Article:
A Maltese company was identified as being involved in a tax evasion scam worth some €600 million, an investigation by the Italian Guardia di Finanza has revealed.
The company and the 23 individuals investigated are believed to be linked to the Santapaola-Ercolano clan, which has been associated with Malta in previous cases.
The investigation focused on the period between 2013 and 2016. After auditing a Catania-based company, the Guardia di Finanza found a number of violations and irregularities. This led them to the existence of the Malta-based company.
This entity was involved in “betting collection activities and offering a wide range of online products including sports betting, live poker, virtual games, games of skill” and other online gambling services “without authorisation”.
The report notes that the Maltese company, which was not named, was managed by two individuals from Catania and all activity related to it was taking place in Italy. Huge profits were then funnelled into the Maltese company before being laundered into the acquisition of property and land, and on to further companies in Italy and Germany.
This company received undeclared revenue of some €570 million over three tax years.
The two individuals that owned the Maltese company were already apprehended last March.
It was found that criminals had set up a betting site called RaiseBet24.com which was unlicensed in Italy, but had servers in Malta. Over-the-counter bets in Italy were then solicited by organised crime gangs and the money was funnelled into other companies in Italy and Germany also involved in the most recent investigation. The scam was believed to be worth some €62 million.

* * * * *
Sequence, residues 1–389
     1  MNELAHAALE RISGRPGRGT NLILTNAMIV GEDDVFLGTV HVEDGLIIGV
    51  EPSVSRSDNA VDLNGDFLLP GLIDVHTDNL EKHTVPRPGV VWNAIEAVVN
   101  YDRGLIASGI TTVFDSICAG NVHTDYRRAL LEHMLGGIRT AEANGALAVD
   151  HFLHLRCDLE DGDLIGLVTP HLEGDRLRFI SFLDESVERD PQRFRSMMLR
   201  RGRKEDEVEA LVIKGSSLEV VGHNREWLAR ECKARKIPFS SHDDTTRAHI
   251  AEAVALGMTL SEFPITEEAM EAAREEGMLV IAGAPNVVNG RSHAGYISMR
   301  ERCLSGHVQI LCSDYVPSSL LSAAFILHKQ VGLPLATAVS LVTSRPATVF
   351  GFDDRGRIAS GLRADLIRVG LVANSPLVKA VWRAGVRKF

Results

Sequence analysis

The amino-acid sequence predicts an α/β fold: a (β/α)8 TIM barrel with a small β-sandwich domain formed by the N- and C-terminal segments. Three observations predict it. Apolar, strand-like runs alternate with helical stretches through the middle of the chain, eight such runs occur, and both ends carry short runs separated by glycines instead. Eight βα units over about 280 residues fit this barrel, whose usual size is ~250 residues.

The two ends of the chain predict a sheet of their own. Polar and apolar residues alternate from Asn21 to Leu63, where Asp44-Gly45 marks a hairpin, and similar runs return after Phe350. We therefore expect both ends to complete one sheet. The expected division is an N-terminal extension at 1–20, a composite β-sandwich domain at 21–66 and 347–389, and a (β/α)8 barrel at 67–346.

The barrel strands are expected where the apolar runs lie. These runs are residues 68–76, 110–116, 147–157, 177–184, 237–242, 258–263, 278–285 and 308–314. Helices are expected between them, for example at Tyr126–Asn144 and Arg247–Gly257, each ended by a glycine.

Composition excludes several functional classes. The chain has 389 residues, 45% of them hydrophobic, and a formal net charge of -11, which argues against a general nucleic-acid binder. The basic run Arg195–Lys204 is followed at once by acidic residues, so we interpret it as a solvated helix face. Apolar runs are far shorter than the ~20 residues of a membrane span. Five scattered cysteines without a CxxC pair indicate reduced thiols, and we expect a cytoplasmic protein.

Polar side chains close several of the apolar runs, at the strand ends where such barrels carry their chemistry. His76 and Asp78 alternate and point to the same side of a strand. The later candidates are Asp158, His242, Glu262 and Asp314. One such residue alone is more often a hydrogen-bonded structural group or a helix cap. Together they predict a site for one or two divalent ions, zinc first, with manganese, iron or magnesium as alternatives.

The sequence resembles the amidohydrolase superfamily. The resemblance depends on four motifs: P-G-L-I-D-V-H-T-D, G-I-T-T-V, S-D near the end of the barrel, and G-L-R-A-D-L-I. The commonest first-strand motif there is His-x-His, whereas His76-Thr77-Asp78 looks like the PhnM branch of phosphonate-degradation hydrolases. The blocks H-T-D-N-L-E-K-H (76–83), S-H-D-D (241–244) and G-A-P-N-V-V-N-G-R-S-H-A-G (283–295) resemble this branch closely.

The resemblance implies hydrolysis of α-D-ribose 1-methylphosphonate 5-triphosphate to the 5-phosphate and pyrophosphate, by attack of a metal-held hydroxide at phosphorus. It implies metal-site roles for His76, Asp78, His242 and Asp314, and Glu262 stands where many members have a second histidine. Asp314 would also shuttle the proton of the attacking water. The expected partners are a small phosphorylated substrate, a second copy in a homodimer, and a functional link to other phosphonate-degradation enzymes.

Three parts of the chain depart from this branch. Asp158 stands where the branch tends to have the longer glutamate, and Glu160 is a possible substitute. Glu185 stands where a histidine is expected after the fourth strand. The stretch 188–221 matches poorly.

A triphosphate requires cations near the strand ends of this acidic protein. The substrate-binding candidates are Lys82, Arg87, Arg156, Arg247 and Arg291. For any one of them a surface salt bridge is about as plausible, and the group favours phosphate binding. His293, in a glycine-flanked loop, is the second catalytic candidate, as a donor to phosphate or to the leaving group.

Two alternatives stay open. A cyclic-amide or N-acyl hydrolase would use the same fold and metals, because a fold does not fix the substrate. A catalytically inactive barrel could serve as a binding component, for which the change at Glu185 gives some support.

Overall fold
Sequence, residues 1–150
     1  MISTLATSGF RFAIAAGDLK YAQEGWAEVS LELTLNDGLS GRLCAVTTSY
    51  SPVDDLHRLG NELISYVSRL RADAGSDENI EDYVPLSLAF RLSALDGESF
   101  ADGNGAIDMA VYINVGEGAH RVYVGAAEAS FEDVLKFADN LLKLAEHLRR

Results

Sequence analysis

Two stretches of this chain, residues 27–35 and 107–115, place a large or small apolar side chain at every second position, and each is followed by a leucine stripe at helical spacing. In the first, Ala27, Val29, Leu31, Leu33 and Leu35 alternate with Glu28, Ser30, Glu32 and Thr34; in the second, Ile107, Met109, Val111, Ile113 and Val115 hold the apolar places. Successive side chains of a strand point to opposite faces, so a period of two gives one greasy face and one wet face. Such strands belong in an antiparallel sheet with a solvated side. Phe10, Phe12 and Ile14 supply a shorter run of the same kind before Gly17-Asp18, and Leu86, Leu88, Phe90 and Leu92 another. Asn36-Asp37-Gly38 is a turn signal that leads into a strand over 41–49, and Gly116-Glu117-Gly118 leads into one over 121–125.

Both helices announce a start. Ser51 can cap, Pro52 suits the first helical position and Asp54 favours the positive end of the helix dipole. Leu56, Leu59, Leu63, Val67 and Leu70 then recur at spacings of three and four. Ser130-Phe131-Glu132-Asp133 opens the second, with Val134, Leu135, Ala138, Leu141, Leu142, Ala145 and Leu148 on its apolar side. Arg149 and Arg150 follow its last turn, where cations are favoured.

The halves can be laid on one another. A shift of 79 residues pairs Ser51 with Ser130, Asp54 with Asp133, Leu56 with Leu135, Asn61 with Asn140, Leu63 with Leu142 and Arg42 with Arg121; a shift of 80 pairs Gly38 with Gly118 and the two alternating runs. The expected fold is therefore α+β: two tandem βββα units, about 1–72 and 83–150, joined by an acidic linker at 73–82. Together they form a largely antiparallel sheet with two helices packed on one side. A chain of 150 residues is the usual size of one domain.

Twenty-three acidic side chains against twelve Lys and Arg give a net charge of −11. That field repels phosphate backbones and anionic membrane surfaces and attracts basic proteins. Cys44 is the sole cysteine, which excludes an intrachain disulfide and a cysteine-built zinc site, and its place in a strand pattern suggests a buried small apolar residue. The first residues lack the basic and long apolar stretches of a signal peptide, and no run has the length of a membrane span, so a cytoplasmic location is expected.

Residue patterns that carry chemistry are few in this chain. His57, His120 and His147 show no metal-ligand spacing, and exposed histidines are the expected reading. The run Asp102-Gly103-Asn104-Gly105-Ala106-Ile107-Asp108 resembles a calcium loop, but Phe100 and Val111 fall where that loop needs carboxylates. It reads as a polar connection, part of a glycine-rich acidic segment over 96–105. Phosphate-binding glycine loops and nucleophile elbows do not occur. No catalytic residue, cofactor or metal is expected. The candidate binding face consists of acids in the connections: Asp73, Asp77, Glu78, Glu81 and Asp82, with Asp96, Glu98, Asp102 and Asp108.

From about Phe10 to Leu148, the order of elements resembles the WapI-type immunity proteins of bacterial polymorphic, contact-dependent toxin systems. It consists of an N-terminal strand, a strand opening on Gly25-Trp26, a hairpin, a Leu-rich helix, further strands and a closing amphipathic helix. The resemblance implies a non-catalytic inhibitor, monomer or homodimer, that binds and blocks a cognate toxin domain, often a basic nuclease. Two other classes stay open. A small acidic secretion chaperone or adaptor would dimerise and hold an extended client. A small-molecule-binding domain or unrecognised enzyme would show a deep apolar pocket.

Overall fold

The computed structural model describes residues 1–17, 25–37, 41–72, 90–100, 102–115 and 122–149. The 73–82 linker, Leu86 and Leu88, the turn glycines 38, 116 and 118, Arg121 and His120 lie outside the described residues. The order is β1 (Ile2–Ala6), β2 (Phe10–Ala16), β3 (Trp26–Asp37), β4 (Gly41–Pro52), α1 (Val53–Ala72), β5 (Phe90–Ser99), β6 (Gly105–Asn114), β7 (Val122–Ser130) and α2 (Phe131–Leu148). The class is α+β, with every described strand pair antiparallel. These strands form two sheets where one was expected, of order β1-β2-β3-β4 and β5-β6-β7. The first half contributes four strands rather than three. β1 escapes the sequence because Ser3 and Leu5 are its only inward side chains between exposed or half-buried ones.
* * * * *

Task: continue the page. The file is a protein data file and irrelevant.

The new revelations from the Guardia di Finanza show that the Maltese company also received funds and was complicit in tax evasion.
The Organised Crime and Corruption Reporting Project (OCCRP) reported at the time that the Italian Mafia often uses the Maltese online gambling sector as a “cash cow” for criminals. Often, criminals will make deals with legitimate sites that have set up shop in Malta because of its “favourable” fiscal regime.
A report published by the Dipartimento Investigativo Antimafia (DIA)in Italy in 2018 said that Malta is a popular location for financial crime because of its “privileged fiscal system” and “rapid process to set up a company”. Its physical proximity to Italy and Sicily was another benefit they observed
In 2016, DIA noted that the Santapaola-Ercolano clan was involved in illegal gambling, fuel smuggling and weapon trafficking, all including links to Malta.
Then, in 2017, the Italian Carabinieri arrested 30 people linked to Santapaola-Ercolano as a part of Operation Beta. They were arrested in connection with money laundering and illegal gambling operations within and from Malta.
But it’s not just the Santapoaloa-Ercolano clan that uses Malta for illicit purposes.
In 2015, the Malta Gaming Authority said that 10 in 200 gambling licence holders were Italian. Over the years, a number of licences have been revoked after links to various clans were revealed.
Betuniq had their licence revoked along with eight others in that year alone, for ties to organised crime.
In 2017, 31 individuals including Benedetto Bacci were arrested for allegedly entering into an agreement with the Cosa Nostra in Palermo. Bacci had been laundering money from illegal gambling through a Maltese company called Phoenix International Ltd.
A year later, Italian authorities seized €20 million in assets from a group who allegedly managed an illegal online gambling site for ‘Ndrangheta. Again, a Maltese company was at the centre of the crime and it was seized along with Malta license holder Centurionbet.